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To Fly or Not To Fly

July 11, 2015

I’ve been watching the debate over the Confederate Battle Flag, and in particular the taking down of this flag yesterday at the South Carolina Capital, with interest.  As an 18-year resident of the South, but not a native here, I can feel, but not fully grasp, the emotions swirling around in this discussion.  The discussion seems to center around three things.

  1. Is this flag a symbol of heritage or hate? For some this is a symbol of honor for those who fell in the bitter and horrific battles of the Civil War.  For others it tells of a legacy of slavery and discrimination.  It seems clear that it is both at the same time but discussions about how we can do both are few and far between.
  2. To what extent should governments, through memorials and monuments, honor one side of this issue? Nobody I have heard disputes the private use of the flag but many feel that, if the government does this, it is tantamount to officially choosing a side.
  3. Where does this issue stop? Does every Civil War memorial on public land need to come down?  Would that be tantamount to officially choosing the other side?

The emotions are such that, while large suppliers of flags and other Confederate symbols have been dropping them left and right, small suppliers are reporting surges in sales.  A store in this area has sold more Confederate flags in the last three weeks than they did all of last year.

Christians across the South, most notably the Southern Baptists, have repudiated and repented of their support for slavery.  Russell Moore wrote this opinion that was picked up by the Washington Post explaining why he, as a Southern Christian, felt it was important to take down the flag.  By doing so he earned some criticism for being a traitor to his heritage while other critics said it was too little too late.  It prompts me to wonder if we shouldn’t paraphrase Jesus and say “Blessed are the peacemakers for they shall be shot at by both sides.”

I guess for me the question I’d wrestle with is this one:

To what extent do I want to exercise my freedom of choice when I know that, by doing so, it will be hurtful to others? Do I have any responsibility to curb, even give up, the free expression of my views, or even some aspect of my faith, if I know that expression is hurtful to others?  Or is it just “Too bad for them?”

One axiom of communication is that the burden for getting your message across always falls with the communicator, not with the recipient of the message.  If you mean one thing and the listener hears it a different way, it is your problem to fix.  So when someone says it is “heritage not hate” and the other person says “it feels like hate to me,” the burden of proof is on the communicator.  So if you are going to keep on saying it then you have the obligation to convince the other of your point.  If you want to keep flying the flag then you need to live a life that repudiates and opposes racial hate.  If you don’t you can’t be surprised when others don’t believe you.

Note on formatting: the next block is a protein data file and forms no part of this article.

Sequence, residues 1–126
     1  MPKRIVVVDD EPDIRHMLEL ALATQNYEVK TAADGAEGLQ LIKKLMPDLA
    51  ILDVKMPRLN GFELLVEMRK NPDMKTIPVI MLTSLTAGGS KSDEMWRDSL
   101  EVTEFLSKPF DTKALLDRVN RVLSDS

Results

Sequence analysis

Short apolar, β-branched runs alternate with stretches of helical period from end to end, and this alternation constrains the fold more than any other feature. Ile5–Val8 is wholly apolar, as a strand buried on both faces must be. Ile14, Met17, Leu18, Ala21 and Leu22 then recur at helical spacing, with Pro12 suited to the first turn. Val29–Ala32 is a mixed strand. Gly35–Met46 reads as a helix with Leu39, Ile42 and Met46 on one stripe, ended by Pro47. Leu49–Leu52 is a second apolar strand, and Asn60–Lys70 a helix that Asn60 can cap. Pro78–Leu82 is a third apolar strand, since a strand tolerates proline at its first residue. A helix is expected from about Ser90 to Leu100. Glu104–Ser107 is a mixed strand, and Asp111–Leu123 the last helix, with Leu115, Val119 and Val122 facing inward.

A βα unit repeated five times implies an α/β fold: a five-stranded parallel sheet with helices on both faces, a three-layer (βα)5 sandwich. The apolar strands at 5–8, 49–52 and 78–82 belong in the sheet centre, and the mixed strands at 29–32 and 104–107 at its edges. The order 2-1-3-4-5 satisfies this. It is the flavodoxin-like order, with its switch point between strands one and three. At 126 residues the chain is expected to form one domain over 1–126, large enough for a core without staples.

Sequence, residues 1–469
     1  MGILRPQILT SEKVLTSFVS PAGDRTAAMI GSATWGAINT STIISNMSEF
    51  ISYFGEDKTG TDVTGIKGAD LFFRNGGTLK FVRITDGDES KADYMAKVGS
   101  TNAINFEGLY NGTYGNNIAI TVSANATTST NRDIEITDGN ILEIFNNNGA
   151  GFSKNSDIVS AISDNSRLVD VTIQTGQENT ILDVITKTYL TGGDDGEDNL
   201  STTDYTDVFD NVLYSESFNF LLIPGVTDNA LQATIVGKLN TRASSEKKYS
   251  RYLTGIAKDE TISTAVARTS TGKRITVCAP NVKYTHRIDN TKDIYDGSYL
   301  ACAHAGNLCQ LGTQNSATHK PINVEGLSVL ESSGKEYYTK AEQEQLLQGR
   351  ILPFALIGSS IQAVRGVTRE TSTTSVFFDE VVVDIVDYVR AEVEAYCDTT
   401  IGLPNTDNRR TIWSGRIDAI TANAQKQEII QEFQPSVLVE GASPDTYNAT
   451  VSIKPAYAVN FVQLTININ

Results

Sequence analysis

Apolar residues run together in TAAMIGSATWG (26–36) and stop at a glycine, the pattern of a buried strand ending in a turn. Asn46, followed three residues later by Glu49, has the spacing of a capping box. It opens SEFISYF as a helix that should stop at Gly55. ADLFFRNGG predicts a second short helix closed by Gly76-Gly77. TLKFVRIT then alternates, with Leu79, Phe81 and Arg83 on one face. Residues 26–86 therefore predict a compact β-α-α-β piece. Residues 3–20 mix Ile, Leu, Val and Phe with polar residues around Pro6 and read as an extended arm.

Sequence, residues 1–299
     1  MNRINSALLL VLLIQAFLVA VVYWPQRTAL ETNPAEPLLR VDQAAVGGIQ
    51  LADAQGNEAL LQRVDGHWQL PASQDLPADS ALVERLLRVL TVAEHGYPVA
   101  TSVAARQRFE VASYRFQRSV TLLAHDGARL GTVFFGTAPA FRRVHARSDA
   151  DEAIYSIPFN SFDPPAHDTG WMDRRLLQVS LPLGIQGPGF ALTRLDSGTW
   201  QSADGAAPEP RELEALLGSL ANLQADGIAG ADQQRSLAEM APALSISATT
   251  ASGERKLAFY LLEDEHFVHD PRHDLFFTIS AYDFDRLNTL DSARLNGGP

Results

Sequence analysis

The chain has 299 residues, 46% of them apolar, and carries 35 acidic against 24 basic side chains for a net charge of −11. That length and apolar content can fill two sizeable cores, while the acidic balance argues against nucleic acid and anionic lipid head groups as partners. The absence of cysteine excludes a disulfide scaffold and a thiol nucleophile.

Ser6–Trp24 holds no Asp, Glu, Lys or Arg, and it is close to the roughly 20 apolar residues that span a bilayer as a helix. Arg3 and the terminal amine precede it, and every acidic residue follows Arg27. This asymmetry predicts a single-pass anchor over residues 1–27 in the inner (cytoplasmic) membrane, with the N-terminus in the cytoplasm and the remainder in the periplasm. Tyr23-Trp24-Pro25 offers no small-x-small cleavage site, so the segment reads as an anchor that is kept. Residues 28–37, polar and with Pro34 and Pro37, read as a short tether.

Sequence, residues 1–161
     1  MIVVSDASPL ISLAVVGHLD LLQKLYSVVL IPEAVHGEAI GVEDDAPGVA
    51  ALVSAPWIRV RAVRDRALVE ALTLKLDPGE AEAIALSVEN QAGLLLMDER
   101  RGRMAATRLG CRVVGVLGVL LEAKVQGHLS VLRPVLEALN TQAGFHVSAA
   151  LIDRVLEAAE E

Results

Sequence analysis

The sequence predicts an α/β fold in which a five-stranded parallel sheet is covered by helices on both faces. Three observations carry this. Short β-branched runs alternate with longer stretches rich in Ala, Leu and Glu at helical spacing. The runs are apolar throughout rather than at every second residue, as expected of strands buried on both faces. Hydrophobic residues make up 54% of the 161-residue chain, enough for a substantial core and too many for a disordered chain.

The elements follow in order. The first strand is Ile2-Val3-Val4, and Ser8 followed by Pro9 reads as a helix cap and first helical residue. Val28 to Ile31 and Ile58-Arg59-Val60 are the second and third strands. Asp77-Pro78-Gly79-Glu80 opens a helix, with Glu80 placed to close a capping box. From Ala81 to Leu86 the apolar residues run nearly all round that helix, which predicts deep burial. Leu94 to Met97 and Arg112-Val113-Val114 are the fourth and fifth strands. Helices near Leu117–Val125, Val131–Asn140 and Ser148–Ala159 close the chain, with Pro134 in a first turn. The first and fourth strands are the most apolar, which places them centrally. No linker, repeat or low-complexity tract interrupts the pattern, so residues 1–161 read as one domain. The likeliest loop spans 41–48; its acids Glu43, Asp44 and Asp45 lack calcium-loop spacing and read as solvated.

The same thing applies to Christians who deny service to same sex couples and claim religious freedom as the reason.  Your denial is hurtful to those you turn away.  Are we willing to set aside that freedom and serve them?  If not, what is your plan to convince them that you love them?


From → Christianity

  1. As always, great thoughts to ponder. Thank you.

  2. Marshall permalink

    While most of the post makes sense, and the part about the peacemakers is golden, I’m conflicted about some of the last section.

    1) I don’t agree that the burden of communication always falls on the communicator. Such an idea seems to indicate to me that the listener has no obligation to try and understand the message being conveyed. If the listener has no interest in participating in the communication, then no, there is no obligation (and I think the listener should communicate the lack of interest); someone is not required to listen just because someone else wants to communicate. If the listener IS trying to participate, then it seems to me like the burden is shared (with the communicator bearing primary responsibility).

    2) You said: “So when someone says it is ‘heritage not hate’ and the other person says ‘it feels like hate to me,’ the burden of proof is on the communicator.”

    What happens if we do a little flip here?

    “So when someone says it is ‘hate not heritage’ and the other person says ‘it feels like part of my heritage to me,’ the burden of proof is on the communicator.”
    (I adjusted the response a little bit to make more sense.)

    • The idea that the burden of proof lies with the communicator comes from classic communications teaching. You can look up Wiio’s Laws of communications. The theory is that the communicator wants to get his message across and assumes the burden of doing so. It is true that a listener can refuse to even consider the message and,if there is disinterest, there is no point to the discussion. But the burden to make the person want to understand, and then actually understand, falls to the communicator. There are ways to determine listener engagement and comprehension and you could make the case that both the communicator and the interested listener should use them; paraphrasing back the point, or asking them to paraphrase it, is the most common. Regarding the “flip”, in most cases, yes the matter applies in either direction. It does not here however. The listener is communicating back how he FEELS and we have to take statements of feeling at face value….there is no way I can question your feelings. I don’t think you can say “it feels like part of my heritage” as that is not an emotional statement. Now, if you replied “It hurts me when my ancestors are disrespected” that statement must be taken at face value and addressed.

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